Sliding Doors

Call it fate, call it the butterfly effect, call it what you will – whatever the label, the product is the same. Our lives are defined by every microscopic decision we make. Ever footstep, choice of meal, book, film or place to be – our future is defined by the decisions we make in the present; decisions we don’t even think we’re making half the time.

Take this morning for example – I was walking along the road to a friend’s house and I was coming up to a part of the village that is currently under new development. A 6ft metal fence was balancing was precariously as the wind battered against it and though the weights looked sturdy enough, I made the decision to step into the road to give myself a wide berth, speeding up slightly. Just after I had gone past it, the fence collapsed but into the road where I was walking. No matter my decision, the fence would have gotten me if I hadn’t have sped up a little to avert it. Now who knows what would have happened, it might have only grazed me but there’s also the possibility that stepping into the road could have resulted in an entirely different scenario. Whatever that scenario, my life would have changed completely. And it’s not until you take the time to reflect on the endless branches you could end up on that you actually drive yourself a little bit crazy thinking, ‘Well what if..?’. But the biggest question we posit that often leads to regret is the one where we ask ourselves, ‘Why didn’t I do that when I had the chance? Why didn’t I take that opportunity?’.

I don’t believe in regrets; I don’t have them. They’re a complete waste of time as you spend your time wallowing in the past thinking about a decision that you didn’t make and can’t now take. Well what’s the point in that? What a complete waste of energy. I do, however, occasionally find myself wondering what would have been had I taken a particular opportunity that, in hindsight when thinking about the sliding doors, presented itself just a minute too late.

I graduated university in 2008 and had the usual mix of despair and hopelessness that I washed down every morning as I woke to go to a job that was as far removed from my degree as David Cameron is from claiming JSA. Mild hope showed itself to me from time to time as I thought of this as just the beginning but I soon became fettered with the 9-5 life, particularly because I had no choice. This was the height of the ‘credit crunch’ and my family in particular were feeling the effects. I had to work in order to support and help my parents as they had done for me for so many years; I didn’t have the ability to purchase film equipment and shoot DIY or work for scraps on projects to scrape together a half-decent CV. This I had no problem with as I knew where my loyalties lay; film can wait. So I worked hard but in the end it was fruitless. Woolworths, my reliable employer that kept me going from a Saturday job at sixth form, through University and into post-grad employment went under and in January 2009 I found myself signing on for JSA with not much to give my already struggling family.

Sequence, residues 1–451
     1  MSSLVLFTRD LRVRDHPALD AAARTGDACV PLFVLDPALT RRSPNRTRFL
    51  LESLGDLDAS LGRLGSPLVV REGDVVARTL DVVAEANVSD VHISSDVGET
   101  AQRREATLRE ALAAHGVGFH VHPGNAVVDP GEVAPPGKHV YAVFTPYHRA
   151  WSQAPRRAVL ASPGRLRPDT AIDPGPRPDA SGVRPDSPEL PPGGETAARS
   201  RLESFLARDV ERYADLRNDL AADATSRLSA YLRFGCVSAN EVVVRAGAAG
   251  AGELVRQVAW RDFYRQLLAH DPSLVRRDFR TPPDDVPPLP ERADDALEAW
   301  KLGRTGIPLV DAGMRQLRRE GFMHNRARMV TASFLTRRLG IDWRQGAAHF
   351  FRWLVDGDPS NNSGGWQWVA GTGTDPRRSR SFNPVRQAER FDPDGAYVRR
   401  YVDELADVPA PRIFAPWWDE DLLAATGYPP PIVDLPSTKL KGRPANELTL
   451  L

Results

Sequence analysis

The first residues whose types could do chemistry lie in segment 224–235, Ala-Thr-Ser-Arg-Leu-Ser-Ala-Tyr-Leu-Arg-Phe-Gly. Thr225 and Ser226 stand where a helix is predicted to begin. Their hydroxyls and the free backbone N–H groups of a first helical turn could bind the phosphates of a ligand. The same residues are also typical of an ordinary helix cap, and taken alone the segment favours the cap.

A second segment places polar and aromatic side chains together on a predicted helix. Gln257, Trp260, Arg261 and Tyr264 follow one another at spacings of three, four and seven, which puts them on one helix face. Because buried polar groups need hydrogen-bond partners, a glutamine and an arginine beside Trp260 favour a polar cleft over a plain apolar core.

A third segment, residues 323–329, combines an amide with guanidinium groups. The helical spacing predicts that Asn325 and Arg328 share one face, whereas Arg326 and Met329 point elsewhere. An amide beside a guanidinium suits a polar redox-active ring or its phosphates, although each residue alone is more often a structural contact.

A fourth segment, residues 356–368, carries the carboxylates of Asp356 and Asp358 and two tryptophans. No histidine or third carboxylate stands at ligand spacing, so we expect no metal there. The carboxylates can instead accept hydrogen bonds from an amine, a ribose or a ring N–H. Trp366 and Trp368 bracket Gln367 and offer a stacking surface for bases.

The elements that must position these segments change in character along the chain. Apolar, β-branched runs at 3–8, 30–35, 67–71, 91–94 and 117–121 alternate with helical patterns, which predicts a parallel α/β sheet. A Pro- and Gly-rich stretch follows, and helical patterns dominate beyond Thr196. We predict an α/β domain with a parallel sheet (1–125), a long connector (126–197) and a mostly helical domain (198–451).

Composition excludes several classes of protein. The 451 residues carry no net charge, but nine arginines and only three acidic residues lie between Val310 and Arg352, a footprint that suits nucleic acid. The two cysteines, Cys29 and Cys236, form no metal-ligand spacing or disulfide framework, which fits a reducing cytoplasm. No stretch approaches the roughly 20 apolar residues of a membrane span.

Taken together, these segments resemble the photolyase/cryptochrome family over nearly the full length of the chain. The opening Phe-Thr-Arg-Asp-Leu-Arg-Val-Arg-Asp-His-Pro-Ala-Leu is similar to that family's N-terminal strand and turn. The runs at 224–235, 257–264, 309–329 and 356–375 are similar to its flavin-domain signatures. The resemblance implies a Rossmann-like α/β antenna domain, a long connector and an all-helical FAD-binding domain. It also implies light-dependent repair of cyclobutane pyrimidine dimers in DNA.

That period of time was probably the most soul-destroying but I didn’t realise it at first. My optimism remained high with the notion that a recent graduate had a lot to offer the employment world. How bad could it be? Two weeks and I’ll be in to a new job, suit pressed, tea made and ready to crack on. Wrong. Six months I signed on for JSA at the height of this country’s difficulty in tightening the wallet. As a recent graduate I had prospects but the problem was, for most jobs I was going for I was over-qualified. It astonished me but I know now the problem was, a lot of companies didn’t want to invest in graduates for roles that had no potential to promote. Other graduate positions preferred a different type of degree in the bag as opposed to just ‘Media’. So for six months I applied and applied and applied for positions, making the pilgrimage to the job centre every two weeks to declare that success was still out of reach. Just as I started to attend weekly appointments, I finally got an interview and was successful of a position at Orange. I had tried so hard to avoid going back into retail but alas the familiar beast reared her ugly head and drew me back in like a siren to a fisherman lost at sea.

At least it was employment. It was permanent, it paid and it meant that a stable income was available at a time that it was more than needed. We were back on our feet, I was gainfully employed and the smart price bread could finally make way for Warburton’s once more. Though I wasn’t happy to still be so far away from desired field I was at least content that I was doing my bit. I was out of the system, another happy statistic. I was employed and that’s what I’d asked for. And then, one week before I was due to start at Orange, I got a phone call…

Liam Neeson Taken